by Daniel Fink, MD, Chair, The Quiet Coalition
Local airports are a problem for those who live near them.
Airports big and small–from Logan in Boston and Reagan in Washington to the airports in the Hamptons and Santa Monica–have been in the news recently for noise and air pollution problems.
And now it’s Teterboro Airport’s turn in the spotlight.
I lived under the flight path to the Santa Monica Airport from 1991-2009, so I saw (or perhaps heard) the transition from single-engine Beechcraft, Cessna, and Piper aircraft, with a rare Beechcraft King Air two-engine plane from time to time, to Gulfstream 3, 4, and 5 jets. The single-engine planes didn’t make much noise, but not so for the jets.
A few things happened simultaneously. Thanks to airline deregulation, the number of passengers flying increased dramatically, without a corresponding increase in airport capacity. Because of this, airline service quality declined. After September 11, 2001, things got much worse. The security regulations made it unpleasant and time-consuming to travel on commercial flights, even in first or business class. The rise of the multi-millionaire and billionaire classes, thanks to strong markets and federal tax policies favoring wealthy investors, meant that many more people could afford to charter small jets, purchase fractional jet ownerships, or even buy their own planes.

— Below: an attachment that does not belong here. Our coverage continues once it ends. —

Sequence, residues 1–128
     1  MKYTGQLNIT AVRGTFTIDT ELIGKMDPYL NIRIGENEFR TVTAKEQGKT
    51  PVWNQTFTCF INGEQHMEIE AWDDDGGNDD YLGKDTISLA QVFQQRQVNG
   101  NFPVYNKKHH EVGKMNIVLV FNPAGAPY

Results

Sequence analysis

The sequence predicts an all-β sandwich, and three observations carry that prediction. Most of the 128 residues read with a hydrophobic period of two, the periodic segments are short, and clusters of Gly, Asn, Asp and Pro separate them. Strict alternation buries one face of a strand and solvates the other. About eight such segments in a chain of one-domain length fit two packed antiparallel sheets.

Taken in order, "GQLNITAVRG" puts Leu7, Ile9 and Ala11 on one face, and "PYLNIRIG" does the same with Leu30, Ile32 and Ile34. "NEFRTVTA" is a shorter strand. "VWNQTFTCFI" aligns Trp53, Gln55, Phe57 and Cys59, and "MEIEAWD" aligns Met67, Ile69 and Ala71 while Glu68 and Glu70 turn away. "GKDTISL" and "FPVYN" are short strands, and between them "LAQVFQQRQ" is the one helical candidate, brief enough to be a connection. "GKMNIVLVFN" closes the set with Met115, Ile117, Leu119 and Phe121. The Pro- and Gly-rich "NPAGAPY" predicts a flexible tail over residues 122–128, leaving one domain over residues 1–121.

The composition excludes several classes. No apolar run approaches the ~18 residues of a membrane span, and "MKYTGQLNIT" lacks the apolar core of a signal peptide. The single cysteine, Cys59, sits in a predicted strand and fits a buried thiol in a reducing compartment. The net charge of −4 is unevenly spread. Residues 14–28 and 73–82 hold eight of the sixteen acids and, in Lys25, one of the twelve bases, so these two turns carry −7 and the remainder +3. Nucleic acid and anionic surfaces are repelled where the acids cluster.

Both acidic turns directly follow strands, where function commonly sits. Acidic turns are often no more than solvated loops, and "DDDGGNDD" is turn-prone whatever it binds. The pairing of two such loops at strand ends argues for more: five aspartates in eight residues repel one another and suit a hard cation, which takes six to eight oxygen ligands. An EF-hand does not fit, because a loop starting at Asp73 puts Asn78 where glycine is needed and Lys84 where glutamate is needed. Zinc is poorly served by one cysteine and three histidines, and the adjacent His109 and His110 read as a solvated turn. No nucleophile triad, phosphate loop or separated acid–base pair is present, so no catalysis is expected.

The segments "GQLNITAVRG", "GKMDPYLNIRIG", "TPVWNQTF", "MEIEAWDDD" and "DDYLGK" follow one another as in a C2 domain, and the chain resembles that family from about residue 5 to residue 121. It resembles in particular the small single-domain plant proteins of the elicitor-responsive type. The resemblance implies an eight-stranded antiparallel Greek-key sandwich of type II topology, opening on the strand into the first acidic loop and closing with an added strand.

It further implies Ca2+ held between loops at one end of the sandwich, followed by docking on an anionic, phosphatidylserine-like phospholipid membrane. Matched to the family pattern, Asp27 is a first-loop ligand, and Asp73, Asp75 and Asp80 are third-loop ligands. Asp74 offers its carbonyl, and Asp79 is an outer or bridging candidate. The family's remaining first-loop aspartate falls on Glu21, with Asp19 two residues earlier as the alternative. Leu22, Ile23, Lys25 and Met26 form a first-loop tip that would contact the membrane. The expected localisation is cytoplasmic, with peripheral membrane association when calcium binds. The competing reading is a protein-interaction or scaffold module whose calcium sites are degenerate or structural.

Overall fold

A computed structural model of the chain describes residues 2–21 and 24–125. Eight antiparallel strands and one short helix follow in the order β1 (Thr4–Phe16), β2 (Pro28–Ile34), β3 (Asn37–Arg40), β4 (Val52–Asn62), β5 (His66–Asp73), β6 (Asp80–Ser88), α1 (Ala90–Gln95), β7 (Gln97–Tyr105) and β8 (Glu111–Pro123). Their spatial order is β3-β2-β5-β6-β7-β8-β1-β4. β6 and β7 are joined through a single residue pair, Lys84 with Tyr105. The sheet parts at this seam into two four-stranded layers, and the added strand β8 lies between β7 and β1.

As F. Scott Fitzgerald is reputed to have said, “the rich are different from you and me.” Why put up with the hassles of going through airport security and waiting for the boarding announcement when your limousine can drop you off and your private jet’s crew will load your bags while your custom-ordered meals are being delivered? Of course, the costs of these luxuries aren’t just borne by the rich. Those living near the airports put up with the noise and pollution.
In Santa Monica, the community finally rose in opposition and after a lengthy legal battle, succeeded in getting the airport to cease operations in 2028. Noise and safety concerns–a Gulfstream jet produces a lot more pollution and noise than a single-engine plane, and if one ever crashes it will cause a lot more damage than a small plane–were the major issues.
I hope I live ten more years to see (and hear) this happen. And I hope that those living near other small airports are successful in their efforts to control noise and pollution problems, too.
Dr. Daniel Fink is a leading noise activist based in the Los Angeles area. He serves on the board of the American Tinnitus Association, is the interim chair of Quiet Communities’s Health Advisory Council, and is the founding chair of The Quiet Coalition, an organization of science, health, and legal professionals concerned about the impacts of noise on health, environment, learning, productivity, and quality of life in America.